Flame retardants comprise a diverse group of chemicals which are widely used at relatively high concentrations in many applications, including the manufacture of electronic equipment, textiles, plastic polymers and in the car industry, primarily to protect materials against ignition and to prevent fire-related damage. More than 175 different types of flame retardants exist, which are commonly divided into four major groups: halogenated organic (usually brominated or chlorinated), inorganic, organophosphorus and nitrogen-containing flame retardants. Depending on the mode of action, flame retardants can act at any of the steps involved in the combustion process. Flame retardants are designed to prevent the spread of fire and have thereby helped to save many lives while also dramatically reducing the economic impact of fires. However, flame retardants, particularly the class known as polybrominated diphenyl ethers (PBDE's), may be contributing to the rising prevalence of developmental disabilities due to their widespread use and physiologically active properties including direct neurotoxicity and endocrine disruption.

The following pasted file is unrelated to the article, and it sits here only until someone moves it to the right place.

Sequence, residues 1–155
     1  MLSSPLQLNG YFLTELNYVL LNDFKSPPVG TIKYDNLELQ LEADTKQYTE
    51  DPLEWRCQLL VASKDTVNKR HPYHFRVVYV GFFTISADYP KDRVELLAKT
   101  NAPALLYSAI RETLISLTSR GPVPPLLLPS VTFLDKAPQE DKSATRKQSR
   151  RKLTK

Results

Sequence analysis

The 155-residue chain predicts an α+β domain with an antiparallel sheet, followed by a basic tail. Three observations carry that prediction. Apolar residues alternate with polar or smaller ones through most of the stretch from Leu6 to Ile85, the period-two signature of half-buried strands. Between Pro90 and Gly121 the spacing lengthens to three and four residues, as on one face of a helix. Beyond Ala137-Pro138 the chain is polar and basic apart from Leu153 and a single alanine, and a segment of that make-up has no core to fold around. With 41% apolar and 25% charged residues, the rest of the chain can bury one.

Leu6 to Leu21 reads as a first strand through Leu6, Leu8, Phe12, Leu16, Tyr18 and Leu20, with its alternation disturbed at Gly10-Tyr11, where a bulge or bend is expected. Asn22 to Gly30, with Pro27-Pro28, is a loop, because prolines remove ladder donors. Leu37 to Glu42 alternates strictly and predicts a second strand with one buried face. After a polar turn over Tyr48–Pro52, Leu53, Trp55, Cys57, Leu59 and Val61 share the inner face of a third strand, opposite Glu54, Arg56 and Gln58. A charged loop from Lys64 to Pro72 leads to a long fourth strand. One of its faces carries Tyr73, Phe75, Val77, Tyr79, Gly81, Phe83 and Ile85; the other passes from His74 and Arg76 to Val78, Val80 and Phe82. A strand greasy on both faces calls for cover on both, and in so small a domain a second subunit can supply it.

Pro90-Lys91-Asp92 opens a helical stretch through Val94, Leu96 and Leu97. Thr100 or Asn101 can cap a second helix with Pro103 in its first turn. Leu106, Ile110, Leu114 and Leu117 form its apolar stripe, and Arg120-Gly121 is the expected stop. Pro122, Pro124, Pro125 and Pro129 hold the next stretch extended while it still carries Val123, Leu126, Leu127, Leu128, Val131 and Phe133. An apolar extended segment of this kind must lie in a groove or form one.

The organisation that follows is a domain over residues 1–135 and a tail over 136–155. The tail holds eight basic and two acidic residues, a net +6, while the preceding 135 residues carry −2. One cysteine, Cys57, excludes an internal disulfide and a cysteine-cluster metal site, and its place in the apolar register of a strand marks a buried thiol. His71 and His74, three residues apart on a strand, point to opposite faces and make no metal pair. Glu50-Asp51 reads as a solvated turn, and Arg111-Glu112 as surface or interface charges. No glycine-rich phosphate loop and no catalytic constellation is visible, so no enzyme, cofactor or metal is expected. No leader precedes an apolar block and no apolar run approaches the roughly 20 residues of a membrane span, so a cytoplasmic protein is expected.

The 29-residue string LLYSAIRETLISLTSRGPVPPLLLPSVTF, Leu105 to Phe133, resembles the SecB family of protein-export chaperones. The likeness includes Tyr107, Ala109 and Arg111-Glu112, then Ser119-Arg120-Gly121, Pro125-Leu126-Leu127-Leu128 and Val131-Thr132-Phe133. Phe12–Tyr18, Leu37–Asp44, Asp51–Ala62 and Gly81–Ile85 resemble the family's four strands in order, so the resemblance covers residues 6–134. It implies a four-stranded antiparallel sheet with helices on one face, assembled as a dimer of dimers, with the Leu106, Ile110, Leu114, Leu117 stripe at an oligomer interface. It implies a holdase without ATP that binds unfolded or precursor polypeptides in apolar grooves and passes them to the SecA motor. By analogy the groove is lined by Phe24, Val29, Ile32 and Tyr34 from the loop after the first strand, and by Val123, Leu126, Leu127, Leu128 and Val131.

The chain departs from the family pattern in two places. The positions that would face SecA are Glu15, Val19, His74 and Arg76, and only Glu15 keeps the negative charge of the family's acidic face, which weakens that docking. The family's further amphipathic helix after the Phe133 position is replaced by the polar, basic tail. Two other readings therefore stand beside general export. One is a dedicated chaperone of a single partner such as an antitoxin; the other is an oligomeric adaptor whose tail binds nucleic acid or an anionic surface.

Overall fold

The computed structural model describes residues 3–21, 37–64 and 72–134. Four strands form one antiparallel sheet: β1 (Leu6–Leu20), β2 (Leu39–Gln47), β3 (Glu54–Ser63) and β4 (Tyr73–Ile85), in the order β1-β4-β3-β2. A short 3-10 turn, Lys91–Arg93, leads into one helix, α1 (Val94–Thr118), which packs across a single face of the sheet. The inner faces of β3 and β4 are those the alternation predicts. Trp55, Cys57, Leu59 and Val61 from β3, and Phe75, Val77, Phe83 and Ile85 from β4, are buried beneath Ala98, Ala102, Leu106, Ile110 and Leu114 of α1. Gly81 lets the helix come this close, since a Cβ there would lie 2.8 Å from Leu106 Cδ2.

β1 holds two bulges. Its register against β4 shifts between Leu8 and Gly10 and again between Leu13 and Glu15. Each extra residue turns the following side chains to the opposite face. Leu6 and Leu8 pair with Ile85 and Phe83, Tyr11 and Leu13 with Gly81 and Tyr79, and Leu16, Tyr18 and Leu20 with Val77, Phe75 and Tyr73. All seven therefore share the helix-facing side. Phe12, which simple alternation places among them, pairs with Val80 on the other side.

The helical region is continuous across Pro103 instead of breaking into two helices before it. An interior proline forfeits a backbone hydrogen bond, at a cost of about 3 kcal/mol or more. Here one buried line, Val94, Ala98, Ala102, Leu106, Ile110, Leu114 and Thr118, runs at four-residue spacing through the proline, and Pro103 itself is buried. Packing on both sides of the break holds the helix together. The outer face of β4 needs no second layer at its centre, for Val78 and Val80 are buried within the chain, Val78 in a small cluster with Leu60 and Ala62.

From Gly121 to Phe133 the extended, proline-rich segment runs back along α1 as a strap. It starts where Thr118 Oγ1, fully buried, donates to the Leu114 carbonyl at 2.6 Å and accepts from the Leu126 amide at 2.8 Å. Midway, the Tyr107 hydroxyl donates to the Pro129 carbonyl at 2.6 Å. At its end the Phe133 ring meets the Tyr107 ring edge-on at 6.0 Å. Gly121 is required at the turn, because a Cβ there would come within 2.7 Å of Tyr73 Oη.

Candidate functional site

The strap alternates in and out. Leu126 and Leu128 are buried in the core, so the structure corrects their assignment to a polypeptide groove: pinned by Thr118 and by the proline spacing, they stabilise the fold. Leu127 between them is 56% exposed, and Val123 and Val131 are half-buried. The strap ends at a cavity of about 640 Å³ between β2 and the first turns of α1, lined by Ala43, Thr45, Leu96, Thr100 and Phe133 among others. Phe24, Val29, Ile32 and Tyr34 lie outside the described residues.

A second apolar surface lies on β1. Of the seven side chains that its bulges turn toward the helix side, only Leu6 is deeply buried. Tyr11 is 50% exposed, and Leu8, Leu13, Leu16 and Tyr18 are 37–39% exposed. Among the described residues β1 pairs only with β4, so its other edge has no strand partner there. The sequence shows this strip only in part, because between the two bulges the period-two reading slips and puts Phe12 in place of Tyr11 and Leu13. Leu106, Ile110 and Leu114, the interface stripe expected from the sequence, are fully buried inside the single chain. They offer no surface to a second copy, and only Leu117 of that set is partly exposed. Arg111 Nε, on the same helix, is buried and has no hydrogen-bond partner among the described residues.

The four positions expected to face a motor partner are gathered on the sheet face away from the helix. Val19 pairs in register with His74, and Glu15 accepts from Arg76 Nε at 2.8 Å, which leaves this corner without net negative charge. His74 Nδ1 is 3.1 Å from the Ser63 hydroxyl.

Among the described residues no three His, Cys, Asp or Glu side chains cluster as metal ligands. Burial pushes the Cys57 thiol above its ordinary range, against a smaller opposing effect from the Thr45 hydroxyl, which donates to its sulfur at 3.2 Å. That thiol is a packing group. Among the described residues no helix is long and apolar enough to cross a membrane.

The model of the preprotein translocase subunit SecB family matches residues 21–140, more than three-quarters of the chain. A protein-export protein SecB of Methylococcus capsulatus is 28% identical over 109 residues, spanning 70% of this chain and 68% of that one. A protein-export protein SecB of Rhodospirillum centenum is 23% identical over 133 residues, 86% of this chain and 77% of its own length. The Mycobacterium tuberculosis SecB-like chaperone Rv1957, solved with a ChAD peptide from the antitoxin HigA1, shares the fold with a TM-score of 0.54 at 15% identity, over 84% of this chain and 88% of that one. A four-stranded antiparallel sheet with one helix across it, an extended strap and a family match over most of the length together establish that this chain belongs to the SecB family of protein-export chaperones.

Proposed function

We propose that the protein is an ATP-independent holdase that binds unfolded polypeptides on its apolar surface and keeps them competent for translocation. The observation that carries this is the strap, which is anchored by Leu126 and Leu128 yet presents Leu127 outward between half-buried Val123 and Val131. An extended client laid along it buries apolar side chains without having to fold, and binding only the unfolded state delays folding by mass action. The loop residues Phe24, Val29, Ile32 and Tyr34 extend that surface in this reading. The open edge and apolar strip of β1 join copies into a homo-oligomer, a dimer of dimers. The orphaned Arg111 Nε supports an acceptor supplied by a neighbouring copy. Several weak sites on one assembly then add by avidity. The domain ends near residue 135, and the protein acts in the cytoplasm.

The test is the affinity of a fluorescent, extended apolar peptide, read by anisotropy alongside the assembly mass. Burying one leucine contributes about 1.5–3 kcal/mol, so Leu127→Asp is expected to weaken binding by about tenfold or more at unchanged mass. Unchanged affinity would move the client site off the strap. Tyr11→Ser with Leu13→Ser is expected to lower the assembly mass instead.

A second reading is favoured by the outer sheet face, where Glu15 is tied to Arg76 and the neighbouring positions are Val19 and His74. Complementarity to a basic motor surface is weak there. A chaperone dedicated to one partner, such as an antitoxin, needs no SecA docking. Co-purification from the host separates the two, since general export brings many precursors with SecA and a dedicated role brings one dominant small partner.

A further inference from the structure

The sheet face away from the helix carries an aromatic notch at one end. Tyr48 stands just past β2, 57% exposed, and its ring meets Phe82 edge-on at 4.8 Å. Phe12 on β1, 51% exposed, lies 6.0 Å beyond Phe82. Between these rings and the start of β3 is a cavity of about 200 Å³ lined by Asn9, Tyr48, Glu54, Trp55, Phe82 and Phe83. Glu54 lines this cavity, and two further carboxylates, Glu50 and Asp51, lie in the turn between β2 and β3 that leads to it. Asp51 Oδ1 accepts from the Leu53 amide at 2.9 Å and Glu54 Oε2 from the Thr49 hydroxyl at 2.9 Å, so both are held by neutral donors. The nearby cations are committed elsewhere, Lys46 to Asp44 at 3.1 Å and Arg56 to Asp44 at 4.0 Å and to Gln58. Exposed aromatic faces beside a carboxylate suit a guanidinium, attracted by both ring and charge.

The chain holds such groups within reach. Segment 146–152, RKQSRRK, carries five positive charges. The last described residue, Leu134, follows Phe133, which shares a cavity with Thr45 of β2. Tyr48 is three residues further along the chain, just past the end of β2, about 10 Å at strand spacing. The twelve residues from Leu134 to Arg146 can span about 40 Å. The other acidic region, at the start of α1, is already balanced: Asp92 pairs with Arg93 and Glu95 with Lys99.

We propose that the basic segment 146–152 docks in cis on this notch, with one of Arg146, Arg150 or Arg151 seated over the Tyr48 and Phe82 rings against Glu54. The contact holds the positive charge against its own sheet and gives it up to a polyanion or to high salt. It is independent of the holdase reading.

This new and important book gathers the latest research from around the globe in the study of flame retardants and their functions, properties and safety.